January 16, 2015 - While many people think that 4-H is just about raising livestock, nothing could be further from the truth! We have numerous 4-H’ers involved in projects like clothing & textiles, photography, public speaking, shooting sports, etc. No matter what the project, the goal of 4-H is to develop life skills and leadership within young people so they become productive, contributing members of society. And we could not do it without the time, talent and dedication of 4-H volunteer leaders, so special thanks to them!
Shelby County 4-H is busy gearing up for our spring events, and there is still time for your child become a member of 4-H. Clubs meet on a monthly basis in Center, Shelbyville, and Joaquin. Some of our planned projects for spring include: shooting sports (shotgun and archery), virtual fishing, livestock showing, outdoor adventures, fashion (beginning sewing, storyboard, Trashion Fashion, and duct tape creations), companion animals, and public speaking.
Research has shown that participation in 4-H programs makes a positive difference in the lives of youth. Youth development scholar, Dr. Richard Lerner, works with researchers at the Institute for Applied Research in Youth Development at Tufts University to conduct The 4-H Study of Positive Youth Development. The longitudinal study has found that, when compared to other youth, young people involved in 4-H are:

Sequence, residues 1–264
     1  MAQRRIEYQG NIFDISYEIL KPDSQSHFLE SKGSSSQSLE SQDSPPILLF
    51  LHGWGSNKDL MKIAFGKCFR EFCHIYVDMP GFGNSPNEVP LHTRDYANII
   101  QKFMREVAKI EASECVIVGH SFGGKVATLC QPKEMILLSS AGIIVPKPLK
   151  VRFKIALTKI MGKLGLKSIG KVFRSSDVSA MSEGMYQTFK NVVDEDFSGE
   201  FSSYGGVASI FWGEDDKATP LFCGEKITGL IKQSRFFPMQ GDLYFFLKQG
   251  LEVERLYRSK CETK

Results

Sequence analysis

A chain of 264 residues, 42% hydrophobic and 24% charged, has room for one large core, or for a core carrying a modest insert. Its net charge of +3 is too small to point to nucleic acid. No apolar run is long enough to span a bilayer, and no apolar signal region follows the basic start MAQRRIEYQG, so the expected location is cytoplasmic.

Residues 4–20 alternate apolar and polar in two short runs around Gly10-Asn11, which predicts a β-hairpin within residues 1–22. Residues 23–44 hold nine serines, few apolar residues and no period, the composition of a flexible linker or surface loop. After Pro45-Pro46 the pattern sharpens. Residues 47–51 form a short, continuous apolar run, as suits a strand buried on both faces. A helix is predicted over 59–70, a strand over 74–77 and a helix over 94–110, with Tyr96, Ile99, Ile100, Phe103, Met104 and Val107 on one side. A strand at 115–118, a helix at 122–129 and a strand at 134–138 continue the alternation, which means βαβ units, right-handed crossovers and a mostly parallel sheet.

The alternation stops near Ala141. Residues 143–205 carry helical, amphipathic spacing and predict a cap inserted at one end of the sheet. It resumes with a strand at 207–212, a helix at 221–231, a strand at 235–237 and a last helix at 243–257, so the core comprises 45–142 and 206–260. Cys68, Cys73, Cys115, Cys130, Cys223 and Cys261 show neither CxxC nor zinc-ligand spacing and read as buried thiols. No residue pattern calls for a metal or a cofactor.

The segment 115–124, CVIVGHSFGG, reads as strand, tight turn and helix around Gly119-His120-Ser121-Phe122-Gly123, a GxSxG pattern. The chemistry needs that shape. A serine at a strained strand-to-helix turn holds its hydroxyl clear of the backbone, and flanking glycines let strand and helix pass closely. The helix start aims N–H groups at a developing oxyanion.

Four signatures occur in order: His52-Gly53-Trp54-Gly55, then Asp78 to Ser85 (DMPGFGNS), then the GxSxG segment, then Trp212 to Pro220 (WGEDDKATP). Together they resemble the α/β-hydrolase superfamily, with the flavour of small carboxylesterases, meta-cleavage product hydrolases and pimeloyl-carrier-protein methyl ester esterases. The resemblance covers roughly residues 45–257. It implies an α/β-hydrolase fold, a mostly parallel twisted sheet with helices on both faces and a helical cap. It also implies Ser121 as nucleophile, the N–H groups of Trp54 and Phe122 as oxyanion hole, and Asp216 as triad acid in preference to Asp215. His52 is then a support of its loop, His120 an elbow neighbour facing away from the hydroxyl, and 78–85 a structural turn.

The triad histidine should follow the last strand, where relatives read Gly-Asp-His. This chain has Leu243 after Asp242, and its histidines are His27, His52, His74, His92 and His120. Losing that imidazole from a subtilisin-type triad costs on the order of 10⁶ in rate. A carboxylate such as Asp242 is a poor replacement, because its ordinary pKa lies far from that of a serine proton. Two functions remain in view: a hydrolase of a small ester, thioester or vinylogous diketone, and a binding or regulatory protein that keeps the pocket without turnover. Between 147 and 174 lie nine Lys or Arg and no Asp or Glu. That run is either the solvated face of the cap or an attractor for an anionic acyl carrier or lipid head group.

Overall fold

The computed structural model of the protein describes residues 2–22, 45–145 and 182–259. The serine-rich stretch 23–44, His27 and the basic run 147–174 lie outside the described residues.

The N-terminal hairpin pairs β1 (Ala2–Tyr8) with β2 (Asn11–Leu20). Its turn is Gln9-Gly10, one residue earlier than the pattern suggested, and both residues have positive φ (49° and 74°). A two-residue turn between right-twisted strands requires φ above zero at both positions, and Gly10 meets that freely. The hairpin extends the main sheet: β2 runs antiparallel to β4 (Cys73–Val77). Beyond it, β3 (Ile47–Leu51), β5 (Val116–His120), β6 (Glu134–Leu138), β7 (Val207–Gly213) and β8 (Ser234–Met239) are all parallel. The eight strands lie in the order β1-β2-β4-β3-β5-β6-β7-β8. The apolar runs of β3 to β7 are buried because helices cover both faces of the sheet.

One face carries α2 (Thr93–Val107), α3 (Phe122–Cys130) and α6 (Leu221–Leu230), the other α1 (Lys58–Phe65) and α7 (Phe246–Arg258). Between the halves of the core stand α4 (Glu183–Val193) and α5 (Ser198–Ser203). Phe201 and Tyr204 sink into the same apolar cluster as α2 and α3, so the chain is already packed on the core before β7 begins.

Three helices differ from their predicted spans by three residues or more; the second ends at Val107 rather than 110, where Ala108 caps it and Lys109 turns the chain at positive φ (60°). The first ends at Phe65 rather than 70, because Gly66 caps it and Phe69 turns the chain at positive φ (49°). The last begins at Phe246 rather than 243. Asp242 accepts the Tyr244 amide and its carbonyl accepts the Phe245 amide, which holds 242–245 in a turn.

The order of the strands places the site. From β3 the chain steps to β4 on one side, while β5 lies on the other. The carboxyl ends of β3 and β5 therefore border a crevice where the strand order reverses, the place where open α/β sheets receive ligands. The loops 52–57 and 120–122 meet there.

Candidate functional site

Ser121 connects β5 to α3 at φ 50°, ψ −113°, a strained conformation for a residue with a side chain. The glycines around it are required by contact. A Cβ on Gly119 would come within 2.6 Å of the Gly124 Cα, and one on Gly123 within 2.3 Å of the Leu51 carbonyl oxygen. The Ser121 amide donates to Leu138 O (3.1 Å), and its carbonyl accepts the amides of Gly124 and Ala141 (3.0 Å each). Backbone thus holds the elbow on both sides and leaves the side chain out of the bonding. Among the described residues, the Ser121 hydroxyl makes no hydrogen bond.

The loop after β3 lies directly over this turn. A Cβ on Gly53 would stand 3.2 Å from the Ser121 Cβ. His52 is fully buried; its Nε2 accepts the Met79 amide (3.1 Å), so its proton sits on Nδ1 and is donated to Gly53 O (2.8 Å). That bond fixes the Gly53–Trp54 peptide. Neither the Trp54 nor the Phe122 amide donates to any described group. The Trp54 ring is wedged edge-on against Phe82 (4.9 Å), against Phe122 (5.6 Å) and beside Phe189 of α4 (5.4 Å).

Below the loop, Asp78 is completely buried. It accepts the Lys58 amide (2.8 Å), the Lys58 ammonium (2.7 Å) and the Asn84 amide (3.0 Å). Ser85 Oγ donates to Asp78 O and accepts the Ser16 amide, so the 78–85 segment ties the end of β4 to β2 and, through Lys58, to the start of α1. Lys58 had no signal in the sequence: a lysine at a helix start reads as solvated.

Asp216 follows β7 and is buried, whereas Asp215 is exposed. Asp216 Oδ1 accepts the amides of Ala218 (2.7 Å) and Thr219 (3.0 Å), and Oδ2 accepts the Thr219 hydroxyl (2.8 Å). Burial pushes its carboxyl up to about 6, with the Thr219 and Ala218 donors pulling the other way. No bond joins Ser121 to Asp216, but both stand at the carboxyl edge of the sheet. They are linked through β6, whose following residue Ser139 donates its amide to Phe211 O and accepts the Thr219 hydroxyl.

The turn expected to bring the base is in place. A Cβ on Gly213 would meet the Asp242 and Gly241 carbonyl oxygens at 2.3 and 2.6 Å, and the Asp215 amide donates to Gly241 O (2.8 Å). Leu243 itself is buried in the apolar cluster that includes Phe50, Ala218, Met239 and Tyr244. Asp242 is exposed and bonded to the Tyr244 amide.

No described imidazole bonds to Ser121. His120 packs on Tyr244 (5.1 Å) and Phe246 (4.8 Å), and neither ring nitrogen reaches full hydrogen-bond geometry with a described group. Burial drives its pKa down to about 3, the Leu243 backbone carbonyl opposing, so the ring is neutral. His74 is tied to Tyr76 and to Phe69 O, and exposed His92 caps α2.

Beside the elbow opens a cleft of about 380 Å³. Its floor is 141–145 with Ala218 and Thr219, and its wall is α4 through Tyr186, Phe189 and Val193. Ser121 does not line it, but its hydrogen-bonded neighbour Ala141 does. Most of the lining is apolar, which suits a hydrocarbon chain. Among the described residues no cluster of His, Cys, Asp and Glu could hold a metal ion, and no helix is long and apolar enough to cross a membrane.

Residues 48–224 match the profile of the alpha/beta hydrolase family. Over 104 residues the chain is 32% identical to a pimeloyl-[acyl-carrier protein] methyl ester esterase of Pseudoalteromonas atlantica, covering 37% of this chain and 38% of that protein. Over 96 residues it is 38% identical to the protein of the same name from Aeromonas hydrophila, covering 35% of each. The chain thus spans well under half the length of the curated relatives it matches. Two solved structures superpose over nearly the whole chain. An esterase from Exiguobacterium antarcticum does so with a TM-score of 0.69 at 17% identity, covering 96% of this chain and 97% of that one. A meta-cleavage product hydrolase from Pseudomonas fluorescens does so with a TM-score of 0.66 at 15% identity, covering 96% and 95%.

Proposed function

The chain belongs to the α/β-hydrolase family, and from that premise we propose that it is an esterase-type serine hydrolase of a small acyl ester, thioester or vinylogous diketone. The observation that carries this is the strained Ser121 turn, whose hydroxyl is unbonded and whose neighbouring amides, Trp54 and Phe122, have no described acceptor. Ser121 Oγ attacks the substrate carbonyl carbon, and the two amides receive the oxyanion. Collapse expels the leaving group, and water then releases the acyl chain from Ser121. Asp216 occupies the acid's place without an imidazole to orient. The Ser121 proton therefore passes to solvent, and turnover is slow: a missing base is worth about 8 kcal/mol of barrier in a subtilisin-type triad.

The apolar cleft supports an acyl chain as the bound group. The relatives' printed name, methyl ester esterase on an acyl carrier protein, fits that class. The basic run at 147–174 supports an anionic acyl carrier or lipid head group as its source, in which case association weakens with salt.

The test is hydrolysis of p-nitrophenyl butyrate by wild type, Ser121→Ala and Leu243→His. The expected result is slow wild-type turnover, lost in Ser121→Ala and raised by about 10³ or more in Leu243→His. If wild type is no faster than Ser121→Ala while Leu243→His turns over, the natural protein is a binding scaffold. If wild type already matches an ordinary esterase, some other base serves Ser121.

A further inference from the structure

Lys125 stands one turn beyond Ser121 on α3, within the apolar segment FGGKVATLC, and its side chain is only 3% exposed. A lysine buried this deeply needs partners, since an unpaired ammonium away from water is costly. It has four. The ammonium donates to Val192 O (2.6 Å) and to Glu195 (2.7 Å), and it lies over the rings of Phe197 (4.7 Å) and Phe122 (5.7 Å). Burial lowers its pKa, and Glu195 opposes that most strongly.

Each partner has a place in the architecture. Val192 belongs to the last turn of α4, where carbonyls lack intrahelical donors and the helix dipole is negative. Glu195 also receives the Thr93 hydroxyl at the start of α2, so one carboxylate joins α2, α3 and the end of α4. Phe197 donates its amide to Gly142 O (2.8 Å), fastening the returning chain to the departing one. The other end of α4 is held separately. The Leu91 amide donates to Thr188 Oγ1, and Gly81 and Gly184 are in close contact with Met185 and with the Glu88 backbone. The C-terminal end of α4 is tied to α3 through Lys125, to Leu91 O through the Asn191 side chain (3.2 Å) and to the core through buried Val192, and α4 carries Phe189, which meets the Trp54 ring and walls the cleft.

- Two times more likely to be more engaged in school;
- Two times more likely to plan to go to college;
- Three times more likely to make positive contributions to their communities; and,
- Nearly two times more likely to participate in science, engineering, or computer technology programs (STEM) learning programs during out-of-school time.
Overall, the study found that the advantages of 4-H participation include higher educational achievement and higher motivation for future education.
As part of the Cooperative Extension System of the United States Department of Agriculture (USDA) and implemented by the nation’s 109 land-grant colleges and universities, 4-H has been educating youth in the sciences for more than 100 years.
4-H, the largest youth development organization, is a community of seven million young people around the world learning leadership, citizenship, and life skills. National 4-H Council is the private sector, non-profit partner of 4-H National Headquarters located at the National Institute for Food and Agriculture (NIFA) within USDA. In the U.S., 4-H programs are implemented by the 109 land grant universities and the Cooperative Extension System through their 3,100 local Extension offices across the country. Overseas, 4-H programs operate throughout more than 50 countries.
If you are interested in joining Shelby County 4-H or would like additional information on our programs, give us a call at the Shelby County Extension office at 598-7744 and speak to either Daphne Lovell, Office Administrator, Lane Dunn - Agriculture and Natural Resource County Agent or Jheri-Lynn McSwain - Family and Consumer Sciences County Agent. If you are thinking about joining, make the call today!